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Poverty and InequalitySexual and Reproductive HealthFamily, Maternal & Child HealthMethodology

Investigating racial differences in risk factors for primary cesarean delivery

TitleInvestigating racial differences in risk factors for primary cesarean delivery
Publication TypeJournal Article
Year of Publication2015
AuthorsMin, CJ, Ehrenthal, DB, Strobino, DM
JournalAm J Obstet Gynecol
Volume212
Pagination814 e1-814 e14
Date PublishedJun
ISBN Number1097-6868 (Electronic)0002-9378 (Linking)
Accession Number25637848
Keywords*African Americans, *European Continental Ancestry Group, Adult, advanced maternal age, cesarean delivery, Cesarean Section/*statistics & numerical data, Cohort Studies, Female, Humans, labor induction, Pregnancy, racial disparities, Retrospective Studies, Risk Factors, Young Adult
Abstract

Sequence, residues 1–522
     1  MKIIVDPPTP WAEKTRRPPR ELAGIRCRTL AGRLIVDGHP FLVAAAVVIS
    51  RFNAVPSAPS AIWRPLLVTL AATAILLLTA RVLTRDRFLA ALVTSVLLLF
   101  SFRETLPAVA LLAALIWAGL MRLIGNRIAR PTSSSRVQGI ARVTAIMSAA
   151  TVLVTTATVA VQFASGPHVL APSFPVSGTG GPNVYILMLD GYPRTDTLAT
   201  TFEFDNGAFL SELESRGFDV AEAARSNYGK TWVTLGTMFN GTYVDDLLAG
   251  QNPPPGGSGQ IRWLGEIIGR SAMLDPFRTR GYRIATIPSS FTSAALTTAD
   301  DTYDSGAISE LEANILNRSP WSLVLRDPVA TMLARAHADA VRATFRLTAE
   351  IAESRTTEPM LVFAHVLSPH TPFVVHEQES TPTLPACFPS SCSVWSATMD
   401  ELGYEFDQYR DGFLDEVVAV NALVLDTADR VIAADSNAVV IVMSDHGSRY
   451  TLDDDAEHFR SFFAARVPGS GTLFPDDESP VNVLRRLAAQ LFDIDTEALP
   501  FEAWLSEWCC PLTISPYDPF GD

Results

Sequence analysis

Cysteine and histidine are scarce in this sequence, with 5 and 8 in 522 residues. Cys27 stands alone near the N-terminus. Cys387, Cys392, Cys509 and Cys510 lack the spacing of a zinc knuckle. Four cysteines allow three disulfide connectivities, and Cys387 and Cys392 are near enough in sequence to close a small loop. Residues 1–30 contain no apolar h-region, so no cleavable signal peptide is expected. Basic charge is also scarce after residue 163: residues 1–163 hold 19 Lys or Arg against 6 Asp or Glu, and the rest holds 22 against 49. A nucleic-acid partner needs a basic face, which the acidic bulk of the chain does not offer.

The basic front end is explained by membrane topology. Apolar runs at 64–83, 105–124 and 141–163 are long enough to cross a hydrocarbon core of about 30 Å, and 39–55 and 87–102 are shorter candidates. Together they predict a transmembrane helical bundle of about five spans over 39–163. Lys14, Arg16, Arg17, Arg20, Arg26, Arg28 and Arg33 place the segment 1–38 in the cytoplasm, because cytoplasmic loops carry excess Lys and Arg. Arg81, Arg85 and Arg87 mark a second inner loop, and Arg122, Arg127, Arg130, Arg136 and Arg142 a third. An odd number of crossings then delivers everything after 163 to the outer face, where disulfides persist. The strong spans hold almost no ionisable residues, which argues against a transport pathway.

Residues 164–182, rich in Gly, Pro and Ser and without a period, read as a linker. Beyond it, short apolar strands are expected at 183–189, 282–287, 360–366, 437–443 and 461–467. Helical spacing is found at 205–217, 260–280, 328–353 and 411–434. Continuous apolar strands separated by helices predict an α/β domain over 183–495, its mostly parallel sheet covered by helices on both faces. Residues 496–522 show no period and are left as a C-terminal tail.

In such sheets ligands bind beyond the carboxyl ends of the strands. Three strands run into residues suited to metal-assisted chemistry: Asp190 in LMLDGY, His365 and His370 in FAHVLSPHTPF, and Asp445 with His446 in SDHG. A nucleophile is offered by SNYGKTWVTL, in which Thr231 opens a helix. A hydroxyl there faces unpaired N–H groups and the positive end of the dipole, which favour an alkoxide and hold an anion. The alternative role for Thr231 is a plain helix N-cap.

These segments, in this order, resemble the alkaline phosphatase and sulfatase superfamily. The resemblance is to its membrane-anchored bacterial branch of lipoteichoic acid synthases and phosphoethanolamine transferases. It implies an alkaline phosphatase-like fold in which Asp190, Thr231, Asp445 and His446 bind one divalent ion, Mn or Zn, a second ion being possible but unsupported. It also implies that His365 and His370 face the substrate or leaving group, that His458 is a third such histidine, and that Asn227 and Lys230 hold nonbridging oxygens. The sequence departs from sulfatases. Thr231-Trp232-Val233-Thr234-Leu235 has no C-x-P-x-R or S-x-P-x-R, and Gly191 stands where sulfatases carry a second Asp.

OBJECTIVE: The objective of the study was to investigate differences in sociodemographic, medical, and obstetric risk factors for primary cesarean delivery between black and white women. STUDY DESIGN: We conducted a retrospective cohort study among 25,251 black and white women delivering a live, singleton infant with vertex presentation at a large, regional hospital between 2004 and 2010. Demographic and clinical data were derived from electronic hospital records. Differences in risk factors for primary cesarean delivery were analyzed using a modified Poisson regression approach stratified by race and parity. RESULTS: Black and white women had a primary cesarean delivery rate of 24.7% and 22.2%, respectively (P < .001). Black women had an increased risk of cesarean delivery after adjusting for sociodemographic and clinical risk factors (adjusted relative risk [RR], 1.23; 95% confidence interval [CI], 1.17-1.29). Among nulliparas, labor induction had a greater effect on cesarean delivery for black women (adjusted RR, 1.32; 95% CI, 1.20-1.44) than for white women (adjusted RR, 1.13; 95% CI, 1.07-1.20). Among multiparas, labor induction reduced the risk of cesarean delivery for white women (adjusted RR, 0.63; 95% CI, 0.55-0.72), whereas no association was observed for black women (adjusted RR, 1.08; 95% CI, 0.92-1.28). Advanced maternal age was a stronger risk factor for black women (adjusted RR, 1.72; 95% CI, 1.43-2.08) than for white women (adjusted RR, 1.30; 95% CI, 1.11-1.52) among multiparas only. Among nulliparas, delivery at 37-38 weeks' gestation reduced the risk of cesarean delivery for black women (adjusted RR, 0.82; 95% CI, 0.73-0.92), whereas no association was observed for white women (adjusted RR, 0.96; 95% CI, 0.90-1.04). CONCLUSION: Labor induction, among nulliparous women, and advanced maternal age, among multiparous women, are stronger risk factors for primary cesarean delivery for black women than for white women.